Vimal Katiyar

Indian Institute of Technology Guwahati, India

Title: Cellulose nanocrystals: Potential nanofiller for food packaging and catalytic applications


Vimal Katiyar is currently working as Associate Professor in Department of Chemical Engineering at Indian Institute of Technology Guwahati, India. He has more than 25 international publications and patents on poly lactic acid based technology in diversified area such as specialization in polylactic acid synthesis, industrial level films and nanocomposites processing, biopolymer based nanofillers, migration, polymer modeling and polymer characterization. He is Team Leader of Center of Excellence for Sustainable Polymers at IIT Guwahati.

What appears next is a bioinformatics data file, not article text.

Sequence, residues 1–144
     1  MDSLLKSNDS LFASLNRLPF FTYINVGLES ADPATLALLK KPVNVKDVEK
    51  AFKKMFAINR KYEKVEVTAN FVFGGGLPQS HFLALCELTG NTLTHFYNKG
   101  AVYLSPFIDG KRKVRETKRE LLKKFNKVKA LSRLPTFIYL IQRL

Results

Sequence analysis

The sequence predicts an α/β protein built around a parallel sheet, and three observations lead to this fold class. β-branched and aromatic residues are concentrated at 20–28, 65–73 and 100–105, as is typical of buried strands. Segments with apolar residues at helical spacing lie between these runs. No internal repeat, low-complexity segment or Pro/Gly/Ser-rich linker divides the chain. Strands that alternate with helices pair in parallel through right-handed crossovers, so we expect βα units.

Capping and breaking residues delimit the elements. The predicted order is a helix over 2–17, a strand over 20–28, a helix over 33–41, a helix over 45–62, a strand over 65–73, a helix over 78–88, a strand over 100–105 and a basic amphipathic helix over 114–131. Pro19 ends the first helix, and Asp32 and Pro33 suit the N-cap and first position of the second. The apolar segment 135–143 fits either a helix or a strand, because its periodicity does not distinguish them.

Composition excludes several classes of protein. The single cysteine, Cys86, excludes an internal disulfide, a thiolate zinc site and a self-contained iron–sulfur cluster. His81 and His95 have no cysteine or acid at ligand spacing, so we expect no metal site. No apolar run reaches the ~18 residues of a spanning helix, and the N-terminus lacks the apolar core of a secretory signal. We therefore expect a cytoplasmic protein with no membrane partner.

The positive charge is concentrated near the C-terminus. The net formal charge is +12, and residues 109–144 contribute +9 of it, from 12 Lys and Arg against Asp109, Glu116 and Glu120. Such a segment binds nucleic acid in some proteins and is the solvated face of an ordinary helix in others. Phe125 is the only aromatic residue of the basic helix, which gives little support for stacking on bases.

Cellulose Nanocrystals (CNCs) is a biodegradable, non-toxic, environmentally friendly nanoparticle with immense potential for application in fields such as biomedical engineering, food packaging, sensors, electronic devices etc. In our lab, CNCs using different polymorphs of cellulose were fabricated from raw bamboo pulp through alkali treatment followed by acid hydrolysis. The effect of CNC polymorphs, namely CNC I, CNC II and CNC I→II (CNC II from cellulose I), on its morphology, crystal structure, degree of hydrogen bonding and thermal stability were studied. These polymorphs were dispersed in poly-lactic acid (PLA) films using solution casting approach and their effect on the structural, thermal, mechanical and barrier properties of the PLA was investigated. Incorporation of CNC II and CNC I→II significantly improved the Young’s modulus (by~72%). Therefore, the current study provides an insight towards selection of appropriate polymorphs for fabrication of CNC reinforced high performance PLA based bio-nanocomposites. Moreover, we have used the hydroxyl functional groups on CNCs as an anchor point for the simultaneous reduction and stabilization of zero valent nano-particles (ZVI). The CNCs supported ZVI had narrow size distribution along with improved dispersion stability in water. Moreover, this biocatalyst performed well in the degradation of methylene blue and hydrogenation of 4-nitrophenol to 4-aminophenol. Further, we have observed autonomous motion of CNCs supported ZVI in the presence of peroxide fuel, whose locomotion can be externally controlled under both magnetic field and pH gradient. Interestingly, both the fields led to remotely control directionality and speed of the biocatalyst making it a potential candidate for next generation nano-machine for sensors, imaging and drug delivery applications.